- Eat within 30 minutes of waking and then every three to four hours after that—including within an hour of bedtime.
- Make sure every meal and/or snack is made up of roughly 40 percent protein, 35 percent carbs and 25 percent fat (protein triggers glucagon, carbs trigger insulin and fat slows digestion). Research shows that sticking to ratios like these can help you eat more and still lose weight.
- Eat a specific amount of calories per meal—your body can only process a certain amount of food at once. You should feel hungry, but not starving, when you begin a meal and satisfied, not stuffed, when you finish.
Because I follow a fairly rigorous training schedule, Mark didn’t suggest a workout routine, but he did have a few more recommendations: drink a ton more water, take a multivitamin and fish oil supplements daily and swap my regular sugar-heavy sports drink for a mixture of Proto Whey protein powder and Hammer Nutrition Recoverite.
After the phone call, there was just one more step: Become a member of Venice Nutrition, the web tool that develops your personalized plan (It's available to anyone for just $20/month). After filling out a questionnaire, I was given my allotted calories per meal (250), meal recommendations based on the foods I like (everything; perhaps that’s the problem), recipes and access to an awesome food and exercise log that makes it easy to tweak the recommended meals or come up with my own.
Over the next weekend I dropped a small fortune at GNC and the grocery store getting ready. Mark clearly did not live in New York City when he created this diet. I probably spent close to $300 getting all the necessary food, supplements and supplies (like a food scale). It was a shock to say the least, but I had made a commitment, I told myself, and there was no turning back now.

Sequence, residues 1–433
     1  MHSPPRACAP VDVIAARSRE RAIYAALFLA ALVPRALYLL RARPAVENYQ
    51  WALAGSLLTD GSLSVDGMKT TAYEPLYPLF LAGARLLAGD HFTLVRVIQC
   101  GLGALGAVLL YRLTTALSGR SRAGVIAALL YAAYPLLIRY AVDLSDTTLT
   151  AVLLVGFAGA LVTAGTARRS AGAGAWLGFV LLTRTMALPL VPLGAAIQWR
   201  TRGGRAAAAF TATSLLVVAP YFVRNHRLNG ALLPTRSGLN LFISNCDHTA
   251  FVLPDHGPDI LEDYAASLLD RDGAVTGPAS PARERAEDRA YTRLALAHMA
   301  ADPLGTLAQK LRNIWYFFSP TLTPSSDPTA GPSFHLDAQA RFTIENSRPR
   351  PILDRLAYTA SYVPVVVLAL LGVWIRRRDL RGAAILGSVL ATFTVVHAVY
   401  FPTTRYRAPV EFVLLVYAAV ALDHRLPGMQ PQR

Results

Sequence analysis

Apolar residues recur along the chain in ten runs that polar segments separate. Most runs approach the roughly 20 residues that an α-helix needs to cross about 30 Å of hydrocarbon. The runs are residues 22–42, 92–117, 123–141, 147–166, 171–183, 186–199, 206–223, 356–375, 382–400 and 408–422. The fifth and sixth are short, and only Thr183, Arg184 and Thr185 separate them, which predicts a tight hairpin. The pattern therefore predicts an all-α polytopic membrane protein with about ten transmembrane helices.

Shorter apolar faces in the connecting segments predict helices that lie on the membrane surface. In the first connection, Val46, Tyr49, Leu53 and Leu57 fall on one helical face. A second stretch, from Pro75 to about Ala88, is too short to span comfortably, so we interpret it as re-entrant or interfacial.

On Monday, I hit the ground running...and ran right into a wall. Since I like healthy foods, I figured I’d just be eating less of them. Boy was I wrong. I had a blood sugar crash Monday evening and by Wednesday I had run out of food and needed to go back to the grocery store. But the worst part was, despite eating straight through my stash, I was still hungry! If carb withdrawl is a real condition, I was in it. I spent the rest of the week irritable, foggy and dragging ass through my workouts.
By Friday I wasn’t feeling great, but I had managed to survive the week without cheating. No small feat considering it included Halloween, a photo shoot filled with yummy catering and Bagel Wednesday—the mysterious phenomenon in which leftover bagels and cream cheese appear in our office kitchen at the exact moment your willpower begins to wane.
I was convinced Mark needed to increase size of my meals. However, when I spoke to him on the phone he didn’t agree. Mark explained that until I got to a certain level of body fat (usually under 14 percent for women), increasing meal frequency rather than meal size is more likely to keep my metabolism humming. He took a look at my journal and recommended making a few changes:
- Eat more full meals. I was eating half-meals or snacks mid-morning and mid-afternoon, but with my training schedule I needed more sustenance.
- Eat more high-quality foods—especially before and after workouts. A bar before biking and a protein shake afterward wasn't going to cut it.
- Drink my sports mix during workouts. Because I was only doing 60-minutes of cardio and strength work at a time during this phase of my training I was just drinking water during my workouts. However this was making me ravenous afterward, especially on days I had double sessions (training in the morning and at night).
“All of this takes effort but it’s worth the effort,” Mark told me. “You have to put the time in if you want to be your best.”